Faculty teaching courses may assist students who are operating a UAS, provided the student maintains operational control of the UAS such that the faculty member’s manipulation of the UAS is incidental to the student’s control (e.g., the faculty member steps in to regain control in the event the student begins to lose control, to terminate the flight, etc.). Faculty members may need proper FAA certification depending on the intended use of UAS. UASOC will help guide faculty members in meeting any certification requirement.
All faculty teaching courses where a UAS may be used must request permission for flights and register any university owned UAS through the UASOC. Faculty are responsible for briefing students on the appropriate and safe practices for UAS use prior to flight.
6.4 Recording of Private Spaces
UAS shall not be used to monitor or record any use or surveillance of private spaces. UAS shall not be used to monitor or record residential hallways, residential lounges or the insides of campus daycare facilities. UAS shall not be used to monitor or record sensitive institutional or personal information that may be found on an individual’s workspaces, on computer or other electronic displays, or in private or business meetings or conversations.
In operating a UAS for purposes of recording or transmitting visual images, operators must take all reasonable measures to avoid violations of private spaces. Virginia state law provides that a person who knowingly or intentionally places a camera or electronic surveillance equipment that records images or data in violation of an expectation of privacy commits a Class A misdemeanor.
6.5 Unintentional Data Collection
Any data inadvertently obtained on non-consenting individuals or their property must be eliminated immediately. When unintentional data collection occurs, all reasonable efforts must be made to ensure that these data are not abused in any manner or transmitted outside of the test area. Collection, use and dissemination of the data must be limited to the provisions of the approved project. Protocols for the use, distribution, security, and retention of collected data must comply with university policy.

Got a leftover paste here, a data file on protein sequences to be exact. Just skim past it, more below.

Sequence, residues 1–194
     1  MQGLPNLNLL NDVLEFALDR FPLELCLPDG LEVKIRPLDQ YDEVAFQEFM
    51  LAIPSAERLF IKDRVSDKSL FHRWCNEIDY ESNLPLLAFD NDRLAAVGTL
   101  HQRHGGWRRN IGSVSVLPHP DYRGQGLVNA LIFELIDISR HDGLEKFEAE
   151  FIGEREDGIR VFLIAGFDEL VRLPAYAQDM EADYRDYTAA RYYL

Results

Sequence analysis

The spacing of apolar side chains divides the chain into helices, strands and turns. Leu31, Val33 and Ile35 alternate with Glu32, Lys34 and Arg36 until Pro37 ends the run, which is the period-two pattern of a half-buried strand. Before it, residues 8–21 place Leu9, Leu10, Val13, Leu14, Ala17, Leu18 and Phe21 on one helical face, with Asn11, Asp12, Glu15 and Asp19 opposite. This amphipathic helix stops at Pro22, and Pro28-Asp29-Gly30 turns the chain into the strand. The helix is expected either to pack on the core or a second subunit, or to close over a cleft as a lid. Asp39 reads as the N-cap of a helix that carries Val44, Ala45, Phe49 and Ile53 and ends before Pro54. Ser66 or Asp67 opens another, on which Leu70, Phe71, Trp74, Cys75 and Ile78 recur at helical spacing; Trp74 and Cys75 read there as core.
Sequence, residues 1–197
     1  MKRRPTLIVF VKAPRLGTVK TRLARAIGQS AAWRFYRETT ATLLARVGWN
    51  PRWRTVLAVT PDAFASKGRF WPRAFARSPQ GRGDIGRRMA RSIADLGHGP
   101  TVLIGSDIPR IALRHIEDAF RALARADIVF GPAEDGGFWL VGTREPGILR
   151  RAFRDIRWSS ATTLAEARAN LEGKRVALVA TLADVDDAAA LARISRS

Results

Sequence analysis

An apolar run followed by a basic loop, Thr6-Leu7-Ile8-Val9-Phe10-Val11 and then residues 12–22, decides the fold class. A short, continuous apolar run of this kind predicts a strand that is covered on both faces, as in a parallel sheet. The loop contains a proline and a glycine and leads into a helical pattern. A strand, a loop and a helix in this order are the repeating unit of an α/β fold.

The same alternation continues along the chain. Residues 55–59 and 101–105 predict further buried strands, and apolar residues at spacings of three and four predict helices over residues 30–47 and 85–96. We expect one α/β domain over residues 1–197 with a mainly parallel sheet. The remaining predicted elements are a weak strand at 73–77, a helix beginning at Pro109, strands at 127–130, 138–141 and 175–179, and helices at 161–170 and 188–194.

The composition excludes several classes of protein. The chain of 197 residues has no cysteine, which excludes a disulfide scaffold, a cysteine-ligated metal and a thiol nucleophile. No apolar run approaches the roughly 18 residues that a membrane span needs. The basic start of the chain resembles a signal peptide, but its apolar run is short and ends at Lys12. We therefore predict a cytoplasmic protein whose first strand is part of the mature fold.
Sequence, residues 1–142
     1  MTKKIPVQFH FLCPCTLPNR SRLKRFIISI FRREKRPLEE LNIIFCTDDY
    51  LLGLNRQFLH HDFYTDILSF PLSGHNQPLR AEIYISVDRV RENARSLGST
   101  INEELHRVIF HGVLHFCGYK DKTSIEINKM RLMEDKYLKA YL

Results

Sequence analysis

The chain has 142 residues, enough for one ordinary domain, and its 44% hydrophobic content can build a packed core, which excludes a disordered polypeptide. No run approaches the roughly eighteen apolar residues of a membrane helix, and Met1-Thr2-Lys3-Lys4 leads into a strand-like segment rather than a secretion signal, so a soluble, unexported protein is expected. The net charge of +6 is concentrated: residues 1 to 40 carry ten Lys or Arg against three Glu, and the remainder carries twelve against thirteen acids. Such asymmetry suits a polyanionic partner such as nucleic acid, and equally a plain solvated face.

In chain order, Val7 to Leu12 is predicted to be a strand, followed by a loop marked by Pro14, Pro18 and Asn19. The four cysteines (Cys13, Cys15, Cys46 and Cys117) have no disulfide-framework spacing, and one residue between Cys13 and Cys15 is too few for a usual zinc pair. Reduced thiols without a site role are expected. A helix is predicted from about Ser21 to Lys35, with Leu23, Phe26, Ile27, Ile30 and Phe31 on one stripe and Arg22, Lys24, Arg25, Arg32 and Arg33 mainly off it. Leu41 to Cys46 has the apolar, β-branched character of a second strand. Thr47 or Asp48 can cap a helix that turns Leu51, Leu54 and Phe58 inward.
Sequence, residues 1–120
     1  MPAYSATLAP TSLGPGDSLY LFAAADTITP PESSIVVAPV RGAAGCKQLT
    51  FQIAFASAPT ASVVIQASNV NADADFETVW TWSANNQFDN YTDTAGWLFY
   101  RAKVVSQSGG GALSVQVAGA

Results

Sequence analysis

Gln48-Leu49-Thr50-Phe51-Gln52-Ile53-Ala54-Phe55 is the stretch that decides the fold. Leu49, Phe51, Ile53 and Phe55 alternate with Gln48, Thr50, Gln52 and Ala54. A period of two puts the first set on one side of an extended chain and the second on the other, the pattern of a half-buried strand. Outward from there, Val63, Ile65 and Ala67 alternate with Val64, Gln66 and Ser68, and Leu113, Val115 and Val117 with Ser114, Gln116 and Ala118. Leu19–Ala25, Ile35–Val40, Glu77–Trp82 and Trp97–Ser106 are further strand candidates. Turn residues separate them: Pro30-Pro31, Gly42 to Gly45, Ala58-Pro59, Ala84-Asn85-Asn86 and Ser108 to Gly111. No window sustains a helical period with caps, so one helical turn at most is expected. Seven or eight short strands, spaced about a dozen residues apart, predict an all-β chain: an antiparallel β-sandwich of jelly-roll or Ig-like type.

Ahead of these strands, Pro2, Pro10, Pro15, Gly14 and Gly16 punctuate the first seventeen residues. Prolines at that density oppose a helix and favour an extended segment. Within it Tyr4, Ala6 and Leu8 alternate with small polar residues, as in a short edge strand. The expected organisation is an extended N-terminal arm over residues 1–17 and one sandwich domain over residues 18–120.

6.6 Student Gathered Data
In accordance with FAA regulations, use of student gathered data, flight video or other materials for commercial use is prohibited. Any operation not conducted strictly for hobby or recreation purposes may not be operated under the special rule for model aircraft. Commercial operations are not considered a hobby or recreational flight. Flights that are in furtherance of a business, or incidental to a person’s business, are not considered a hobby or recreation flight.
6.7 Use of Model Aircrafts
Private individuals using model aircraft on or above university property are required to abide by FAA rules for model aircraft. Model aircraft must be kept within visual sightline of the operator, and should weigh no more than 55 pounds unless certified by an aeromodeling community-based organization. Model aircraft must be flown below 400 feet and clear from populated areas under FAA regulations. No model aircraft may be flown on or above any populated university property without applying for and obtaining advance permission from the UASOC.
6.8 Composition of the UASOC
The UASOC committee will include representatives from the following: Division of Academic Affairs, Campus Police/Department of Public Safety, Risk Management, and Facilities Management, as well as an Academic Unit Head. The committee is chaired by the Coordinator of UAV Efforts. A representative of University Legal Services serves ex officio on the committee.
The Vice Provost for Research and Scholarship and the Senior Vice President for Administration and Finance make appointments to the UASOC.
The Coordinator of UAS Efforts is appointed by the Vice Provost for Research and Scholarship. The Vice Provost for Research and Scholarship is the FAA account holder for COAs for James Madison University.
The Coordinator of UAS Efforts processes all applications and informs the UASOC of recommendations on applications.
The UASOC has responsibility to:
- Review and approve all requests for UAS flights on university property, including those UAS flights requiring an FAA waiver or separate COA approval, as well as all other UAS flights under other authorizations or exemptions, including vendors or other third parties.